# Life's a Beach

A sample of images from the interactive Sandpile Galleries (link below)

Wes Pegden

Every child who's ever played in a sandbox or on the beach knows a little something about a deep mathematical truth: Pour sand out of a bucket a little at a time, it will build up into a pile. If the pile gets too steep, grains of sand will tumble away from the peak in a mini-avalanche.

In 1987 physicists developed a mathematical model inspired by this behavior, which captures the statistical properties of natural phenomena as diverse as forest fires, earthquakes and avalanches, which, like the sandpiles on the beach, are the result of sudden changes from gradual buildup.

In this model, individual grains of sand even themselves out to a stable organization by continually moving sand away from the steepest areas. Model this on a computer and you get very intricate images that look almost like fractals.

"You have this crazy, complex picture that's been around for a long time, and we didn't have any explanation, mathematically," said Wes Pegden, assistant professor of mathematical sciences in Carnegie Mellon's Mellon College of Science. "Now we understand some of what's going on here."

For the past few years Pegden has been working on the sandpile problem with CMU alumnus Charles Smart (S'02, CS'02), an assistant professor of mathematics at Cornell University. They met as postdoctoral researchers at New York University and were intrigued by the problem.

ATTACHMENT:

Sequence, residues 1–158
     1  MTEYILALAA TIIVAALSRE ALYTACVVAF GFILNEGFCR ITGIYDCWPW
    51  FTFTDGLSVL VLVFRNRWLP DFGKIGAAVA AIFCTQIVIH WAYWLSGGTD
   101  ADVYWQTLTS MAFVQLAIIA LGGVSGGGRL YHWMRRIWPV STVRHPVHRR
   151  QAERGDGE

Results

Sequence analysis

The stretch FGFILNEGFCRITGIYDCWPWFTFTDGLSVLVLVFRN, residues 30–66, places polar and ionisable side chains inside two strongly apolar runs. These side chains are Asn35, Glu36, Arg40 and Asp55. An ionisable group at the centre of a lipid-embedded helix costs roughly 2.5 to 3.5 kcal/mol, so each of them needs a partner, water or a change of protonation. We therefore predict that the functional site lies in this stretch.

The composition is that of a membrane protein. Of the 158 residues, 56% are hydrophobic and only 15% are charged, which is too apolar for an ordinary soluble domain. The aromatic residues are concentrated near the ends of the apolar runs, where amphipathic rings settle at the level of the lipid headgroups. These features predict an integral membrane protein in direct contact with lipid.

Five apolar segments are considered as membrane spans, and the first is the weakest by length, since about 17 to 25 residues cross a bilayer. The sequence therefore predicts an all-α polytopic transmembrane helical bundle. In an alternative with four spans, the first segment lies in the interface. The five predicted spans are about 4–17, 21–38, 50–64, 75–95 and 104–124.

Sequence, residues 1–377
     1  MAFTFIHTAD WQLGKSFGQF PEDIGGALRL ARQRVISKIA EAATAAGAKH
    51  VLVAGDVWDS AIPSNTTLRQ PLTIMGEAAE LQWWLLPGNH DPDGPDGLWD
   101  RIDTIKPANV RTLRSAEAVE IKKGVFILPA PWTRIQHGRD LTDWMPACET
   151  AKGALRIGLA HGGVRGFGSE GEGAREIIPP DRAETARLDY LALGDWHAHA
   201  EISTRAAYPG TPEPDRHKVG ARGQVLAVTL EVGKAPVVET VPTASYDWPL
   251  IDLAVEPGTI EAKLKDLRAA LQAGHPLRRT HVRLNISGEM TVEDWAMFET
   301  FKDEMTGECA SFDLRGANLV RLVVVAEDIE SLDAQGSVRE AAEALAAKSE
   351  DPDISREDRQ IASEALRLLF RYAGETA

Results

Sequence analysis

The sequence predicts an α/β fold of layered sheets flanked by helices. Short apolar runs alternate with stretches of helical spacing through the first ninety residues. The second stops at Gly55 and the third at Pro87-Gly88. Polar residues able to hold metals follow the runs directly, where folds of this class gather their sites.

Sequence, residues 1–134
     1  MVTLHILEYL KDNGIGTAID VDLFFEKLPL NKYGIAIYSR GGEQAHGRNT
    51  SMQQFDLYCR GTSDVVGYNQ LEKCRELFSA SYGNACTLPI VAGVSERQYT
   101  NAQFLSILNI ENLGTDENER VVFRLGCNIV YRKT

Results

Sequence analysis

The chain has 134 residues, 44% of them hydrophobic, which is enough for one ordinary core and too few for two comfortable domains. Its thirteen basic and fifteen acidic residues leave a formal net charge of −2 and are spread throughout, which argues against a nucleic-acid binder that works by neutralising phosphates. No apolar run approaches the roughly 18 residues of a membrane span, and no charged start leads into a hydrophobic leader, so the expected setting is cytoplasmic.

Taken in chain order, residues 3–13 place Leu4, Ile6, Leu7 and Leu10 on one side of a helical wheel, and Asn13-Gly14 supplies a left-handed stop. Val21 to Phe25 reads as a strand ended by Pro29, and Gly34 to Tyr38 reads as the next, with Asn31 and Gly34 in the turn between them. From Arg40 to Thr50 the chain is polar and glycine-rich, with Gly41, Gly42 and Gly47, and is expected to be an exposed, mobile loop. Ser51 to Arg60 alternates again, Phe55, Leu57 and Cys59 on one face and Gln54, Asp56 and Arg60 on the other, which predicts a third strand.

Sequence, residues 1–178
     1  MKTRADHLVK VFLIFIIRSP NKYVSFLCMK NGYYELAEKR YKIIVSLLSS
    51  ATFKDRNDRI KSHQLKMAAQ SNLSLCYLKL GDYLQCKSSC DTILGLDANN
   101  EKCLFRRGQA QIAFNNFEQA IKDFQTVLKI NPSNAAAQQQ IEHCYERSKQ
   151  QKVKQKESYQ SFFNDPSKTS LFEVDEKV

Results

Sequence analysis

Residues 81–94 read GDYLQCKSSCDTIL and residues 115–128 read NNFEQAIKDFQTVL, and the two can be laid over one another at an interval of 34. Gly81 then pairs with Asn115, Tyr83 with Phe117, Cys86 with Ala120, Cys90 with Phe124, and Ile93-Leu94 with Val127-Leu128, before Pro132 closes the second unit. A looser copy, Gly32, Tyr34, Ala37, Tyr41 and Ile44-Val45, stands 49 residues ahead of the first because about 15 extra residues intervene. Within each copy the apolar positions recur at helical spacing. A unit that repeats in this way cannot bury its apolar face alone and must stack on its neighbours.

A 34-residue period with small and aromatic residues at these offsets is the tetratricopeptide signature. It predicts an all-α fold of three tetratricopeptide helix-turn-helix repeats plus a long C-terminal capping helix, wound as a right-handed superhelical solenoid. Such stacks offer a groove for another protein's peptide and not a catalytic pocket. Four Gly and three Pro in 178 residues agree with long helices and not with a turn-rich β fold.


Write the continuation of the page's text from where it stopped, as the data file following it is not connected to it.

"For me, the most interesting thing about it is that you can have a simple rule that produces incredible complexity," Pegden said.

The simple rule is this: Imagine an infinite chessboard. At one of the vertices you place 1,000 grains of sand (or chips). When there are more than four chips at a vertex, they topple, with one chip sliding down each edge to a neighboring vertex. Then a neighboring vertex might spill over, causing a chain reaction. Whether you start with 1,000 chips or 1 billion, they topple and spread out to form the same configuration.

"One of the striking things about the sandpile is that it looks like there's some limit of this process. When I increase the number of chips, I still get basically the same picture. I just get a higher resolution version of it," Pegden said.

Pegden and Smart work in different fields — combinatorics and partial differential equations — but they combined their expertise to prove that there is a limit to the toppling process. They also developed a mathematical explanation for why there are triangular shapes in the image and why they're arranged in the way that they are.

"Having a simple rule that produces complexity is already a mystery," Pegden said. "We had no idea what was going on with this for 25 years. Now, we can say a lot about it mathematically."

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